It is the mandatory duty of the trial court, without request, to instruct the jury that, should they return a verdict of guilty, it becomes their duty to designate the punishment to be inflicted, and the failure so to instruct the jury on the matter of punishment makes whatever instructions are given incomplete, and invalidates the verdict which fails to fix the penalty. State v. Loveless, 139 W.Va. 454, 80 S.E.2d 442.

Guilt and punishment are so definitely integrants of a verdict in a first degree murder case that courts, in order to arrive at a complete verdict, should admit in evidence material relevant to the question of punishment, i. e., matters in aggravation and mitigation, whether it applies to the issue of guilt or has relation only to the degree of culpability. Fields v. State, 47 Ala. 603; Fletcher v. People, 117 Ill. 184, 7 N.E. 80; Commonwealth v. Stabinsky, 313 Pa. 231, 169 A. 439.

In qualifying jurors for service in first degree murder cases, they must be willing to exercise their discretion in fixing the penalty to be imposed, should they find the defendant guilty of murder in the first degree. In so holding, this Court said in Demato v. People, supra:

"The law-making power of the state, namely, the General Assembly, has provided that capital punishment may be inflicted for murder in the first degree, when the jury finding such verdict so determines, or life imprisonment, in the discretion of the jury. In other words, under the law, it is the bounden duty of the jury convicting one of the crime of murder in the first degree to exercise their discretion in fixing the penalty to be imposed." (Emphasis supplied.)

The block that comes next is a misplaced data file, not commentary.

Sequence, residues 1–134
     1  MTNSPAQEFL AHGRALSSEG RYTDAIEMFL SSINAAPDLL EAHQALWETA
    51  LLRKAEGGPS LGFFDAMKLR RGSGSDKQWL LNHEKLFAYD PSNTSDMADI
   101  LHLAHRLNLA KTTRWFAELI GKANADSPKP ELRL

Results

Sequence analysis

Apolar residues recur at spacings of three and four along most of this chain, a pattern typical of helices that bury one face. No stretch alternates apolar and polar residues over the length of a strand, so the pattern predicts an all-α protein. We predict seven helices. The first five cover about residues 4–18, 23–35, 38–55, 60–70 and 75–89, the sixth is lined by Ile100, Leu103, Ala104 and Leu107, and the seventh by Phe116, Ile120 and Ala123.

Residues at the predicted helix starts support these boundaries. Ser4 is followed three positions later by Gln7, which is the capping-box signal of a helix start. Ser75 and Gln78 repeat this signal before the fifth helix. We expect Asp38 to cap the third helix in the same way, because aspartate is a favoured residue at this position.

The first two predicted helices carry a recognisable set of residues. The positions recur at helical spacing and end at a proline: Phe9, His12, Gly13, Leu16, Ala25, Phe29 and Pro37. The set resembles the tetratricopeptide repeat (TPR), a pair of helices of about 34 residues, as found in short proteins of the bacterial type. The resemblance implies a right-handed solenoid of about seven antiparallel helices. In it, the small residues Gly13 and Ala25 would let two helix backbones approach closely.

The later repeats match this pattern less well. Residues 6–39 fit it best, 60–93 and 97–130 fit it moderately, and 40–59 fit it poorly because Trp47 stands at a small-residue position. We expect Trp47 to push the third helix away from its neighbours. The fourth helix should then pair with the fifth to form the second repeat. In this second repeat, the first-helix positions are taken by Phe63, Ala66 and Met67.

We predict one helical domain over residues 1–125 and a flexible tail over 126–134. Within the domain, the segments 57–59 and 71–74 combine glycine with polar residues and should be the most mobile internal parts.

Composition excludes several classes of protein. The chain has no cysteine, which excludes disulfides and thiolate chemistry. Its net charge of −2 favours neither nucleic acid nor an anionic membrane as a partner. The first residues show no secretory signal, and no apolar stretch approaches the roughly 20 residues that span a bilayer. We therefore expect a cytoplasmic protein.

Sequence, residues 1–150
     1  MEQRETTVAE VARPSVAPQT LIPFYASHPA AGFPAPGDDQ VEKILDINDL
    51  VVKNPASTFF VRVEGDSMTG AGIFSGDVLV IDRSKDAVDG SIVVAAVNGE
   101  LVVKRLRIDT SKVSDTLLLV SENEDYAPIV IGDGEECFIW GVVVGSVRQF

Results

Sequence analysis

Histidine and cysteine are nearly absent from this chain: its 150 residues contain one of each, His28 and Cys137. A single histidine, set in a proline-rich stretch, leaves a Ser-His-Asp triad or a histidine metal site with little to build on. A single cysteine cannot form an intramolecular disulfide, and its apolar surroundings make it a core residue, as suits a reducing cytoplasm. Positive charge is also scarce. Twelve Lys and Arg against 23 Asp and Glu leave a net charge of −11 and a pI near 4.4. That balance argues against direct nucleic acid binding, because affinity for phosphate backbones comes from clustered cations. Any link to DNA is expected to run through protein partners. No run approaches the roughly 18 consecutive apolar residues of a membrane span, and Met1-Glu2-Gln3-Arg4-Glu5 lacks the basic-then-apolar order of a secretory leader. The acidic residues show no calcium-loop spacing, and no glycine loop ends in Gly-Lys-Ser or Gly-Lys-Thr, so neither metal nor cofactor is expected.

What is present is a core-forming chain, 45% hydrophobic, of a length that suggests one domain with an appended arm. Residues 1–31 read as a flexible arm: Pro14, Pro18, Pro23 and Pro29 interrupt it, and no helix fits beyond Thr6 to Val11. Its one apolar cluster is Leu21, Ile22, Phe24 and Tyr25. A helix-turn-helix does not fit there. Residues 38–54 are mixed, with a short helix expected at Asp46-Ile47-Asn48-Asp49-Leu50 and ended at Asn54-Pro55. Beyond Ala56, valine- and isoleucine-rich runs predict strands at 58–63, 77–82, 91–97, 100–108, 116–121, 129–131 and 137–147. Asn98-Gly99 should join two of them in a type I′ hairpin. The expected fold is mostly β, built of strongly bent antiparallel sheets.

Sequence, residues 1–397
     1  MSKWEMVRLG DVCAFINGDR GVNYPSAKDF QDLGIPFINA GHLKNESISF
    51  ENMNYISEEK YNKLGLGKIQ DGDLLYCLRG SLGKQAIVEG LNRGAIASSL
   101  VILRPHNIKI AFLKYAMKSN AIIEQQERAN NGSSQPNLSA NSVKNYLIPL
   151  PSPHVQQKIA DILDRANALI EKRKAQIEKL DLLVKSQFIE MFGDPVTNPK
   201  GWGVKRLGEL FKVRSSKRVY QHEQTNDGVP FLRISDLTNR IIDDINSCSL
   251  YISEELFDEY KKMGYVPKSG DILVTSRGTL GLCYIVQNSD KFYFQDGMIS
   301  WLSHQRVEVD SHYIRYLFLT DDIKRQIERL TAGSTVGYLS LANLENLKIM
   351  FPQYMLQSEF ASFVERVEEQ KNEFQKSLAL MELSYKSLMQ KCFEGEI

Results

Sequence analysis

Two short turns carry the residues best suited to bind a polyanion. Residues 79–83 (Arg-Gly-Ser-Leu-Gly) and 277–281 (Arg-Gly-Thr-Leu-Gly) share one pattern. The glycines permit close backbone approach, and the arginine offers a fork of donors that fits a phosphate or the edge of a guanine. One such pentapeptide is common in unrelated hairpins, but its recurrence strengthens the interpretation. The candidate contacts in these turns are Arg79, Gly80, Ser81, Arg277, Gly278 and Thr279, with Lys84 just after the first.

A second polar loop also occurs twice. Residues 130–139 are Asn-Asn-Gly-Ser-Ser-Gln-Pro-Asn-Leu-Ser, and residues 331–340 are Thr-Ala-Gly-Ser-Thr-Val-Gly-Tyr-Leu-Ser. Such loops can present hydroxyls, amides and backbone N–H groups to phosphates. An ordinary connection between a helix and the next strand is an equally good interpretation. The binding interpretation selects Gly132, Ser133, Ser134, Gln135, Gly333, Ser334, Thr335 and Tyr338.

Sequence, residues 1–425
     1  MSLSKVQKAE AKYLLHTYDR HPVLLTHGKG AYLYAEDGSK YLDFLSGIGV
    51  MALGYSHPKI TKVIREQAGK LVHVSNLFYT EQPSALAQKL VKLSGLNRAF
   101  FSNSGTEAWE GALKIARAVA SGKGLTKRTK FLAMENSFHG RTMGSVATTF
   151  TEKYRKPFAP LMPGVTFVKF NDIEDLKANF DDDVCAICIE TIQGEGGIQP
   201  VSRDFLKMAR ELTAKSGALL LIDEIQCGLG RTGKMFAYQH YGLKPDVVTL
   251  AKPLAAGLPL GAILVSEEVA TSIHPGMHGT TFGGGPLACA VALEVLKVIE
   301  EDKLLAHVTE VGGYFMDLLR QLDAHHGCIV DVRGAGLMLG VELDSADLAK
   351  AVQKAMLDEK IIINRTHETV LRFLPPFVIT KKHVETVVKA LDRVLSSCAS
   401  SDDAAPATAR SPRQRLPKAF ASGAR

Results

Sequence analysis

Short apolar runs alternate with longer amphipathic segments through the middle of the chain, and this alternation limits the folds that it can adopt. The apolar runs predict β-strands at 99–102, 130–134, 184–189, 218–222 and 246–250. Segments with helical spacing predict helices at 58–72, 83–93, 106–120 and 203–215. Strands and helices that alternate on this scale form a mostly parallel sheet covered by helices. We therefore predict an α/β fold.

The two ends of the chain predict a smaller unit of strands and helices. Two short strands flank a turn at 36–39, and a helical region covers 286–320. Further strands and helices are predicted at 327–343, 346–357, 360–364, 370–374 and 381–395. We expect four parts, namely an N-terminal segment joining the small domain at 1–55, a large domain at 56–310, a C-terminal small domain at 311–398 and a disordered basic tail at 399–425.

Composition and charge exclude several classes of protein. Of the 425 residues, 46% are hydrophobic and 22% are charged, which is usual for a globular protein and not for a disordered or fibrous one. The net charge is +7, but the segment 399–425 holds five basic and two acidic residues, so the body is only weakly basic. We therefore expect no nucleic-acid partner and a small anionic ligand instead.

At one time most of the states had statutory language very similar to ours. In recent years California, Connecticut, New York, and Pennsylvania have adopted statutes in which capital cases are tried under what has been designated as a two-trial or split-verdict system. The Two-Trial System in Capital Cases, by Togman, 39 N.Y. U.L.Rev. No. 1, January 1964, p. 50. That the legislatures of these four states deemed it necessary to adopt legislation permitting the trial of the issue of guilt first and the question of penalty second is persuasive of the fact that, prior to such enactment, this could not be done.

This Court was without power to change the law thus enacted by the legislature, and when remanding the case for a new trial, necessarily required a retrial of the issue of guilt as well as submitting to the same jury the question of the penalty to be imposed. To justify the action of the trial court in this case would result in judicial amendment of a legislative act; this we are powerless to accomplish. Farmers' Irr. Co. v. Kamm, 55 Colo. 440, 135 P. 766.

May the Court announce a legislative intent which is inconsistent with the plain and literal meaning of the statute ? "[C]ourts will not depart from the plain meaning of words in search of a legislative intention the words themselves do not plainly and definitely express * * *." People v. Mooney, 87 Colo. 567, 290 P. 271; Isaak v. Perry, 118 Colo. 93, 193 P.2d 269. Courts may not assume a legislative intent which would vary the words used by the general assembly. People v. Horkans, 109 Colo. 177, 123 P.2d 824.

For the reasons herein set forth, the judgment must be reversed and the case remanded for a new trial of all issues in this case. So ordered.

MOORE and PRINGLE, JJ., dissent.

*370 MOORE, Justice (dissenting).